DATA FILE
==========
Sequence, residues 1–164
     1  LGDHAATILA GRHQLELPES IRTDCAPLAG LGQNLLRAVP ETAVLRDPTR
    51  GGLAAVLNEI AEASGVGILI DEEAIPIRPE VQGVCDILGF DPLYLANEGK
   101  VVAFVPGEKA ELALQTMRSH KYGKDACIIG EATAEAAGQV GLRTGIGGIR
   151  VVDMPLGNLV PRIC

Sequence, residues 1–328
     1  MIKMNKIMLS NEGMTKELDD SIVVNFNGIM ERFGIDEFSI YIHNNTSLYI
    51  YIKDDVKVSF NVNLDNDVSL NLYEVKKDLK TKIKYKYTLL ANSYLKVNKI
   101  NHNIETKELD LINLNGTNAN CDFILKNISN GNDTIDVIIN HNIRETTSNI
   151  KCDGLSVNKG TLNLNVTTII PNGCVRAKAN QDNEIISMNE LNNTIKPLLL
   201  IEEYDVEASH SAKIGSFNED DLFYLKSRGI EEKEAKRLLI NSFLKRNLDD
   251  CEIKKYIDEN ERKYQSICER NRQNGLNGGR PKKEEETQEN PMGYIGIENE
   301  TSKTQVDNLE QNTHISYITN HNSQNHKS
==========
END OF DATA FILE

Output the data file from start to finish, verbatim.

Sequence, residues 1–164
     1  LGDHAATILA GRHQLELPES IRTDCAPLAG LGQNLLRAVP ETAVLRDPTR
    51  GGLAAVLNEI AEASGVGILI DEEAIPIRPE VQGVCDILGF DPLYLANEGK
   101  VVAFVPGEKA ELALQTMRSH KYGKDACIIG EATAEAAGQV GLRTGIGGIR
   151  VVDMPLGNLV PRIC

Sequence, residues 1–328
     1  MIKMNKIMLS NEGMTKELDD SIVVNFNGIM ERFGIDEFSI YIHNNTSLYI
    51  YIKDDVKVSF NVNLDNDVSL NLYEVKKDLK TKIKYKYTLL ANSYLKVNKI
   101  NHNIETKELD LINLNGTNAN CDFILKNISN GNDTIDVIIN HNIRETTSNI
   151  KCDGLSVNKG TLNLNVTTII PNGCVRAKAN QDNEIISMNE LNNTIKPLLL
   201  IEEYDVEASH SAKIGSFNED DLFYLKSRGI EEKEAKRLLI NSFLKRNLDD
   251  CEIKKYIDEN ERKYQSICER NRQNGLNGGR PKKEEETQEN PMGYIGIENE
   301  TSKTQVDNLE QNTHISYITN HNSQNHKS